A forced oscillator with initial displacement $x=0$ is subjected to a force $F_0 \cos\omega t$. The transient term decays to $e^{-k}$ of its original value in a time $t$. Given that the damping of the system is small, show that the average rate of growth of the oscillations is given by $$\frac{x_0}{t}=\frac{F_0}{2km\omega_0}$$where $x_0$ is the maximum steady state displacement and $\omega_0$ is the natural angular frequency of oscillation($\frac{s}{m}$)


I do not understand what this question is trying to say or what the solution means?

1."The transient term decays to $e^{-k}$ of its original value". So what is this value , is it the displacement or velocity?

2.if the damping is small the rate of decay becomes small and thus the solution of the rate of growth is the steady state velocity: $$\frac{-F_0}{X_m}*\sin(\omega t)$$, What am I missing, it's really frustrating!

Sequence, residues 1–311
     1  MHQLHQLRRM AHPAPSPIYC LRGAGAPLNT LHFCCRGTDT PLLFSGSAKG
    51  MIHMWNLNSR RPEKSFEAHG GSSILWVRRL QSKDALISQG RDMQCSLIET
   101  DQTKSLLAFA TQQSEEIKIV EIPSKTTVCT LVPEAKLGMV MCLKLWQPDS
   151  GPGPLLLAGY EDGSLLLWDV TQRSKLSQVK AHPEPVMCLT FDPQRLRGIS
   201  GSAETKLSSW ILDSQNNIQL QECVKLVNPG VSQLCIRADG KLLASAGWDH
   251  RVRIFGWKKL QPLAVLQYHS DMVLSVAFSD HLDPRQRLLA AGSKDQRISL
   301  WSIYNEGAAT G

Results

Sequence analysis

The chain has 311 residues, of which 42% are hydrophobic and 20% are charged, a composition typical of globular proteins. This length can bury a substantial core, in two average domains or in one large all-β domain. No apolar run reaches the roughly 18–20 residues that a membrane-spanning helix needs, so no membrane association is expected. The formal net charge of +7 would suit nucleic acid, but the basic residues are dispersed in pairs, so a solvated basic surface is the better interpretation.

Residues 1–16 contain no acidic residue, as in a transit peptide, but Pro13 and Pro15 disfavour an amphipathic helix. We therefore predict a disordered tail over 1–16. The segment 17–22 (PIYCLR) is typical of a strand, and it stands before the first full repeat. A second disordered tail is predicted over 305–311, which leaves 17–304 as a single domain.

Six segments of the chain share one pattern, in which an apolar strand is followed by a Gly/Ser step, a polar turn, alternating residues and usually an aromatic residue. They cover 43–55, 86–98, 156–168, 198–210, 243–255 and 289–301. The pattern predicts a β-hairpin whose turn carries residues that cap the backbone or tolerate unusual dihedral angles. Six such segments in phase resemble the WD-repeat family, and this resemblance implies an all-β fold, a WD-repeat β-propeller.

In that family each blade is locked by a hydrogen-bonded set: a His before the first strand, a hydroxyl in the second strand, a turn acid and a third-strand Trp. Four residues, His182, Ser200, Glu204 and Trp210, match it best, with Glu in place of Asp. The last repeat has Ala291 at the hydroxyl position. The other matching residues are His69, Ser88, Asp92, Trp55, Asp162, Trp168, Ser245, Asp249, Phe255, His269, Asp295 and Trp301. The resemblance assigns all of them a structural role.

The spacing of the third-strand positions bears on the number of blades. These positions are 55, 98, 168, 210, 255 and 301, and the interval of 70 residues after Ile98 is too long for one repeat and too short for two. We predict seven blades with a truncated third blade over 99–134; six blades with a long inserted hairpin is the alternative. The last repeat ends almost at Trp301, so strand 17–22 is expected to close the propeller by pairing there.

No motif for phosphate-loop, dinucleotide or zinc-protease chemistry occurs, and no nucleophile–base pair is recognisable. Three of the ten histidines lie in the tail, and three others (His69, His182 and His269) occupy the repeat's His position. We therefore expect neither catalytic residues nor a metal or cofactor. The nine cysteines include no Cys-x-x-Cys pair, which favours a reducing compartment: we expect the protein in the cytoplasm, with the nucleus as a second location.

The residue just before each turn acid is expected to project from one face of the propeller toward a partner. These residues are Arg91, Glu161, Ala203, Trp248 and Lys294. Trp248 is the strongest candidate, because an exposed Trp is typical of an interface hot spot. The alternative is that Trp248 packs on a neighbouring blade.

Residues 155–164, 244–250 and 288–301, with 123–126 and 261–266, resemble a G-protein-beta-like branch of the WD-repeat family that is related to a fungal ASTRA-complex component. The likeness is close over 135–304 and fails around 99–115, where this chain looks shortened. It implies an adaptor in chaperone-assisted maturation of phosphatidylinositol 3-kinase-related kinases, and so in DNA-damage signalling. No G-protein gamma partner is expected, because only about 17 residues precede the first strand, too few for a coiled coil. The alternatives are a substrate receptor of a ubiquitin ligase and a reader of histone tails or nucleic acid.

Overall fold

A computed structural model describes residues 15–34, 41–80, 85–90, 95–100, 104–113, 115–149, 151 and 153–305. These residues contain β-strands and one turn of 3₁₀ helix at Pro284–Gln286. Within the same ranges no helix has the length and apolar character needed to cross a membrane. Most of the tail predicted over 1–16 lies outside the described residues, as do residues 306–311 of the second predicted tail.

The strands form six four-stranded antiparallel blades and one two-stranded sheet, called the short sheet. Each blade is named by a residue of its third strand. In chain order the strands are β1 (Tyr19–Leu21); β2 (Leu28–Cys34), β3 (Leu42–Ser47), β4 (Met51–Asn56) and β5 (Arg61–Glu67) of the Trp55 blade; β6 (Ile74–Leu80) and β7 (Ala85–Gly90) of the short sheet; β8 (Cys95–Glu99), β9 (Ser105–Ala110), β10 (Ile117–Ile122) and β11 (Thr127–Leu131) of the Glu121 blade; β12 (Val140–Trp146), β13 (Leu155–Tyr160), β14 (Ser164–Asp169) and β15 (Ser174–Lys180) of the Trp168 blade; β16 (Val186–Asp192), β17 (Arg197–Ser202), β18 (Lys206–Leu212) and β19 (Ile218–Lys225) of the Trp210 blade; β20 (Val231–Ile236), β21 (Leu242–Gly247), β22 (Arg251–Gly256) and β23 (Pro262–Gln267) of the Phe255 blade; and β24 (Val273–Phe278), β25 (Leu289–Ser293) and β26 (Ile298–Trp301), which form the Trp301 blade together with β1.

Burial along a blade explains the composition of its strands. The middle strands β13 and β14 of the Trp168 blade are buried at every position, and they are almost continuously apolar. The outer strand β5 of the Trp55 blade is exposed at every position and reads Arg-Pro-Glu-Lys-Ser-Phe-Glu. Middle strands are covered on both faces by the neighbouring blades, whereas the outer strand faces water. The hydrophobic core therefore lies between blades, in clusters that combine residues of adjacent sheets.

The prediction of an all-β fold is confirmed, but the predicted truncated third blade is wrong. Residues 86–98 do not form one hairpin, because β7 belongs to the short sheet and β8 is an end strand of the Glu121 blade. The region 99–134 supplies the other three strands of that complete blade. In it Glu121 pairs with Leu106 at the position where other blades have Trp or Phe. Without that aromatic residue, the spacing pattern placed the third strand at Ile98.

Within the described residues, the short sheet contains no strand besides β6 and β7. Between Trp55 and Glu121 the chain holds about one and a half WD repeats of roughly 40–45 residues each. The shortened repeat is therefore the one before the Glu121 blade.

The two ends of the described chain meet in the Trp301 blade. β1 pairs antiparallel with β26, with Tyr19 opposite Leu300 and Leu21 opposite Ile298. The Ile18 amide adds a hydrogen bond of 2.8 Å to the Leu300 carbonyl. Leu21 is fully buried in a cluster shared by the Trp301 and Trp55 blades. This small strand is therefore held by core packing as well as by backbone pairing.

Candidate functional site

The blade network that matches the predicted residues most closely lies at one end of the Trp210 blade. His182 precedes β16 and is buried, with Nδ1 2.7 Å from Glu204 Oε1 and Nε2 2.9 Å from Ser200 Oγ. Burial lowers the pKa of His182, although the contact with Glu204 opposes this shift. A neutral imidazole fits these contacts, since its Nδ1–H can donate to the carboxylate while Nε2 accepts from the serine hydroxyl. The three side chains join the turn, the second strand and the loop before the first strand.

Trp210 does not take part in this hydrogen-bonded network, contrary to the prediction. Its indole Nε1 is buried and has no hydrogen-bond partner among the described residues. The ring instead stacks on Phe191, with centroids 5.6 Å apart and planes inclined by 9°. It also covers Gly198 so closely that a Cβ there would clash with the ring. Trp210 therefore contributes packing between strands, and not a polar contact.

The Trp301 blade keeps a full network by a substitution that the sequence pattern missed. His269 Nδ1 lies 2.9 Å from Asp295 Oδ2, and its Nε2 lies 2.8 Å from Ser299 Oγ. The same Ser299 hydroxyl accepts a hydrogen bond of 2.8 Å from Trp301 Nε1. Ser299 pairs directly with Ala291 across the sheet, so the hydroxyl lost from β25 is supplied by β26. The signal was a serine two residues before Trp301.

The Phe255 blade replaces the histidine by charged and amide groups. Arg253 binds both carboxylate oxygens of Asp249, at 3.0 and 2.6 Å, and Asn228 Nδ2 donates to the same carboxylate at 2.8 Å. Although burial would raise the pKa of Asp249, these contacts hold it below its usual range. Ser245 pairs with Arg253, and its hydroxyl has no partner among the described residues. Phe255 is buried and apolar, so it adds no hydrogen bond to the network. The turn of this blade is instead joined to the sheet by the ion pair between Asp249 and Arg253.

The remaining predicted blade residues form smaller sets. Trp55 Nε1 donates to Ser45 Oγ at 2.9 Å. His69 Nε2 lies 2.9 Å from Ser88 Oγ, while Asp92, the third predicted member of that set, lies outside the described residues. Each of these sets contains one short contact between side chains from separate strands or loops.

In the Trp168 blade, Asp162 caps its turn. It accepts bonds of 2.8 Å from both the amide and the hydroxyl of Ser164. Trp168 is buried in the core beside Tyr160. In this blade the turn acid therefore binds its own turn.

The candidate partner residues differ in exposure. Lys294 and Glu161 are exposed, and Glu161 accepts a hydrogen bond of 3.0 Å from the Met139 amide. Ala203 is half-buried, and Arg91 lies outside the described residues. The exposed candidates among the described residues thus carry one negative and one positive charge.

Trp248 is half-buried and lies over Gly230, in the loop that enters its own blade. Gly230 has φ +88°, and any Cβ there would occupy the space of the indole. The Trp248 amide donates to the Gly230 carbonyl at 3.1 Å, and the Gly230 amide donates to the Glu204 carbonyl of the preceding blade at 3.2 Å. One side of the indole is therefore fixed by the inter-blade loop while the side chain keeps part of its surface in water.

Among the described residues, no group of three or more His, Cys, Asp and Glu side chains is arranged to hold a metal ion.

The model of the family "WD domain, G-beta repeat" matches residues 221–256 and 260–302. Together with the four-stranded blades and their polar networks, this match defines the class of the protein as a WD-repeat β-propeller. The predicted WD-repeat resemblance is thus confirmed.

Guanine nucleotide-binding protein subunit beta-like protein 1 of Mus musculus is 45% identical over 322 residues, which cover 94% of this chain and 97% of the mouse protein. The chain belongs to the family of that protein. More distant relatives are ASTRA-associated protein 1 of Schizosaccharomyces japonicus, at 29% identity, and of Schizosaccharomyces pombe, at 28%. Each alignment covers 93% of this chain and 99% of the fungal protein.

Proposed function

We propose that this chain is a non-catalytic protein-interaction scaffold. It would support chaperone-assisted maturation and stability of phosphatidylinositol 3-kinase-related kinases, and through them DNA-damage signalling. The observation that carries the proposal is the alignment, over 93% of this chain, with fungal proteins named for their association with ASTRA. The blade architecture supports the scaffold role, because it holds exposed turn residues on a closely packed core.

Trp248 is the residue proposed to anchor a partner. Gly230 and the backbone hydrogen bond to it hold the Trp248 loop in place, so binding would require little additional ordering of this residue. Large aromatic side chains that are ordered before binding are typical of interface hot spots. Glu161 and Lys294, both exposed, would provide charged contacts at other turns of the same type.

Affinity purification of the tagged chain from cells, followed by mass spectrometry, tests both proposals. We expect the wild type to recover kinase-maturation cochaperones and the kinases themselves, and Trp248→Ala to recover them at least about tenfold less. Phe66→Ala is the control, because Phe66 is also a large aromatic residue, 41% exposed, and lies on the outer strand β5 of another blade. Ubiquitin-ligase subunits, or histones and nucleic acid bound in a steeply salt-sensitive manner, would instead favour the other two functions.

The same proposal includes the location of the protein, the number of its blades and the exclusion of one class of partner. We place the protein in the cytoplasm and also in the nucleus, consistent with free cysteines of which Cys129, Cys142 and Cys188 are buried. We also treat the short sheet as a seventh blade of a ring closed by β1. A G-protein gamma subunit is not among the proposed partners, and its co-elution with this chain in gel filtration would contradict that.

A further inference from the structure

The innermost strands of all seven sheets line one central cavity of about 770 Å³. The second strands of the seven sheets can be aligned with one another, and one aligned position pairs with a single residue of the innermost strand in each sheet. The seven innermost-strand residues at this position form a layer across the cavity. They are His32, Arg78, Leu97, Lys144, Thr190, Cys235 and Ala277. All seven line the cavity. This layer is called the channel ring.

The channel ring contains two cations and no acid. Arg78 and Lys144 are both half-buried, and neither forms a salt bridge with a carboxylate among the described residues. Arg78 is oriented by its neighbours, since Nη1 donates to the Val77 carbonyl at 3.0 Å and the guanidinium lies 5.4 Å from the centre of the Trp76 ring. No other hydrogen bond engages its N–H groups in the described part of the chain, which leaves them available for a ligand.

I am aware of the formulas given to me on the comment but i do not really understand what the average rate of growth means. What is the question really asking? Is it asking$$\frac{\int_{0}^{t} x(t) dt}{t}$$ because that won't yield the formula required?

  • 1
    $\begingroup$ Have a read of this, which is concerned with x(t) ......hint as what the orginal value is hyperphysics.phy-astr.gsu.edu/hbase/oscdr.html#c3 small damping (or underdamping) would naturally lead to a steady state solution $\endgroup$
    – user108787
    Aug 12, 2016 at 18:28


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